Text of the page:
First base is an open position and may see three juniors rotate through the spot: Zach Ratcliff, Mark Leffel, and Jacob Bosiokovic. Ratcliff is limited to first defensively, but Leffel also is capable of playing third and Bosiokovic will be an option in all four corners. Each has shown flashes of being productive hitters (Leffel more as a hitter for average, the other two for power potential), but none has clearly emerged to grab the spot.

Second base will go to junior Nick Sergakis. Sergakis transferred from Coastal Carolina prior to 2014 and started the season on the bench before an injury to shortstop Craig Nennig pushed him into the lineup. Sergakis was a revelation as one of the team’s most productive hitters (and lead off despite the team’s lowest walk rate). Nennig, a junior, should be back and will play short, but while his fielding draws rave reviews he has yet to demonstrate any ability to hit (.201/.295/.225 in about 190 career PA). Nennig’s offense will make sliding Sergakis back to short a tempting option for Beals.

At third base, junior Troy Kuhn will start. He spent most of 2014 as the second baseman before being displaced for Sergakis upon Nennig’s return. Kuhn was among the team’s most productive hitters and paced OSU with six longballs, so he will be a key part of the lineup again and could move back to second if Nennig struggles. In that case, Bosiokovic and Leffel could play third. The infield backups will include the aforementioned Washington (that rare catcher/second baseman) as well as sophomore L Grant Davis (a transfer from Arizona State) and freshman Nate Romans.

The outfield should be one of Ohio’s strengths. Sophomore left fielder Ronnie Dawson was as fun of a hitter to watch as OSU has had in years and was the team’s best hitter in 2014 (.337/.385/.454). Sophomore center fielder Troy Montgomery was highly touted but did not impress in his debut (.235/.297/.353). Senior right fielder Pat Porter (obligatory mention that he hails from my hometown) had a very disappointing season, but rebounded to have a strong summer campaign and will likely be penciled in as the #3 hitter. Bosiokovic can play either corner and junior Jake Brobst has served mostly as a pinch-runner/defensive replacement. A pair of freshman, Tre’ Gantt (a speedster from Indiana in the mold of Montgomery) and Ridge Winand will complete the depth chart. The DH spot will most likely be filled by the odd men out at catcher and first base.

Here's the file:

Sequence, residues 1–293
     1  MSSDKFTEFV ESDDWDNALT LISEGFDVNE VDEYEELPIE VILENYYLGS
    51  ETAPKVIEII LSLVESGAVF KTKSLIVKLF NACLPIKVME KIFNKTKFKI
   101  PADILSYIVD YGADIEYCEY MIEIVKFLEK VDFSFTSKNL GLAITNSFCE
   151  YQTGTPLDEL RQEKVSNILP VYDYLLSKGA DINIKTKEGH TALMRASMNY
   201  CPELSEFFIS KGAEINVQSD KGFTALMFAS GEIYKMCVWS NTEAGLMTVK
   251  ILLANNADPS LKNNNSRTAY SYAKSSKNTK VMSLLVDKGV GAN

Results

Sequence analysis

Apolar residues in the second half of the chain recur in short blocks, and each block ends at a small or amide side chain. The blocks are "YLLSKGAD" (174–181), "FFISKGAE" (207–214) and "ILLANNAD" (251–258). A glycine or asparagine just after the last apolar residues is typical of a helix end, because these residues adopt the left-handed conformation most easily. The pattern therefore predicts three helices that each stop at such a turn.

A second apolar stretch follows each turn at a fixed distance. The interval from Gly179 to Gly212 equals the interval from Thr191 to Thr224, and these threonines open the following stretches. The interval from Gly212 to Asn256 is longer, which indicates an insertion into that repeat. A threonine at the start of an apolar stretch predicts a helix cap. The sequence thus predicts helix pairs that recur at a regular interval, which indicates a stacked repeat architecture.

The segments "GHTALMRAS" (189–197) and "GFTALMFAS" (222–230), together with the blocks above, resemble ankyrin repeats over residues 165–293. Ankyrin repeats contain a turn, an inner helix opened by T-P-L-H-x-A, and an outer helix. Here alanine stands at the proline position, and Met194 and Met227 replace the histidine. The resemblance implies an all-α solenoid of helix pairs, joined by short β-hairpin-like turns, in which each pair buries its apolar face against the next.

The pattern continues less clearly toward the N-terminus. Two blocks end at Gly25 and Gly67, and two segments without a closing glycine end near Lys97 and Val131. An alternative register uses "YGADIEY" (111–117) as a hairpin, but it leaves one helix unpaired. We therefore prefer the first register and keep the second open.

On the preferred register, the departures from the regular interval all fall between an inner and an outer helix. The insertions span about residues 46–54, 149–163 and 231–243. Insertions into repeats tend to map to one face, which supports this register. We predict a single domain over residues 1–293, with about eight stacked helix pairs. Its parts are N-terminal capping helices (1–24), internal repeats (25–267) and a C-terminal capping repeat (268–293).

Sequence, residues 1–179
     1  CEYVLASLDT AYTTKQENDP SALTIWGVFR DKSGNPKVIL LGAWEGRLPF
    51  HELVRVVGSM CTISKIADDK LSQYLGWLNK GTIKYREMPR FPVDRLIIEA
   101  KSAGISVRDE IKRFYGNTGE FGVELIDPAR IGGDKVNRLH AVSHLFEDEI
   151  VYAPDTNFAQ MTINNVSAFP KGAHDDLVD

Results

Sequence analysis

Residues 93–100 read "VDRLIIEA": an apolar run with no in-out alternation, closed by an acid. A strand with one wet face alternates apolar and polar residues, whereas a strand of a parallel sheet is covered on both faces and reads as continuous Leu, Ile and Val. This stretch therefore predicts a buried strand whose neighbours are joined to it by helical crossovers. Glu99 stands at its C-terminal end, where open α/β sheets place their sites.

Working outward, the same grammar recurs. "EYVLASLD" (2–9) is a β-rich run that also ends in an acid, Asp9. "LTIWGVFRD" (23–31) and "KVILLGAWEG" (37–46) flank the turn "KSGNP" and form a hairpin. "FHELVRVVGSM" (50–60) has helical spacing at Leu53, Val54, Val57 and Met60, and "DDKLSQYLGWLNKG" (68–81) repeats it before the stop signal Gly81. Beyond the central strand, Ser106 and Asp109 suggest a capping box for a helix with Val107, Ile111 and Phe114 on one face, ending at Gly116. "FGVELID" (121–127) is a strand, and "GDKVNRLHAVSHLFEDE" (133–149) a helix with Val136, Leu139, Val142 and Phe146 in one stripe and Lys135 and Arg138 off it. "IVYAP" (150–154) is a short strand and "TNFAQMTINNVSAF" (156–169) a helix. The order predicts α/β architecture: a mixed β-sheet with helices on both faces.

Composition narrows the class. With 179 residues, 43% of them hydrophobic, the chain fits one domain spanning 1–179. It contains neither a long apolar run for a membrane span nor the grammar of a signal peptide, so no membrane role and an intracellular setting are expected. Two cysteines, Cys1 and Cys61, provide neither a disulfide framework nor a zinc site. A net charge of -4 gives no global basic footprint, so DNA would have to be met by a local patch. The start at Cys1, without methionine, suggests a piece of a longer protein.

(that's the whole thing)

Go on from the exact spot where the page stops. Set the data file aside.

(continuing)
OSU’s #1 starter, at least to open the season, will be sophomore Tanner Tully, the Big Ten freshman of the year in 2014. Tully’s smoke and mirrors act featured a vanishingly low walk rate (.7 W/9) and low K rate (5.3 K/9) which scream regression even in northern college baseball. Senior lefty Ryan Riga will look to bounce back from an injury-riddled campaign--he and Tully are fairly similar stylistically so it would not surprise to see them split up with Travis Lakins taking the #2 rotation spot. Lakins is a sophomore who should be the easy favorite to be the ace at the end of the season; his talents were wasted somewhat in the bullpen in 2014, fanning 9.0 per nine and leading the pitchers with +12 RAA. Lakins is draft-eligible and barring injury this should be his last season in Columbus.

Junior Jake Post is a 6-2 righty with decent stuff who has yet to find consistent effectiveness but would my bet would be that he will displace Riga or Tully by mid-season. Other starting options are lefty John Havrid, a JUCO transfer from Mesa Community College and freshman Jacob Niggemeyer, a 28th-round pick of the Cubs.

The bullpen will be anchored by senior slinger Trace Dempsey, who may well become OSU’s all-time saves leader but had a rough 2014 (-7 RAA) after a brilliant 2013 (+13). Dempsey’s control abandoned him last year, drawing comparisons to another erstwhile Buckeye closer, Rory Meister. Past Dempsey the bullpen work is largely up for grabs--Lakins was the star last year and will be starting. It is possible that a pitcher like Post could be used as the setup man, foregoing some mid-week wins for conference bullpen depth.

Otherwise, redshirt freshman Adam Niemeyer looks like the key setup man--his true freshman campaign was limited to just three appearances due to injury. Otherwise, I won’t even hazard to guess who will emerge out of the following possibilities other than to note that Beals allows tries to cultivate at least one lefty specialist in his pen:

RHP: Curtiss Irving (SM), Seth Kinker (FM), Brennan Milby (R-FM), Shea Murray (SM), Kyle Michalik (R-FM), Yianni Pavlopoulos (SM)
LHP: Michael Horejsei (JR), Matt Panek (JR), Joe Stoll (SM)

Beals appears to have instituted a shift in scheduling philosophy, opting for more weekend series over multi-team “classics”/pseudo-tournaments. The Buckeyes’ only of the latter will be this weekend as they face George Mason, St. Louis, and Pitt in the Snowbird Classic in Port Charlotte. Subsequent weekends will include three game series at Florida Atlantic, UAB, and Western Kentucky before the home opener March 10 against Indiana-Purdue Fort Wayne.

The following weekend the Buckeyes will host Evansville for a three game series, Rider for a two-game mid-week series, and open Big Ten play March 20 hosting Michigan State. Subsequent weekends will see OSU at Rutgers, home to Penn State and UNLV (the latter non-conference of course), at Nebraska and Northwestern, home to Illinois and Maryland, and at Indiana. The mid-week slate will include home games against Toledo, Akron, Ohio University, Dayton, Kent State, Louisville, and Morehead State and trips to Miami, Cincinnati, and Youngstown State.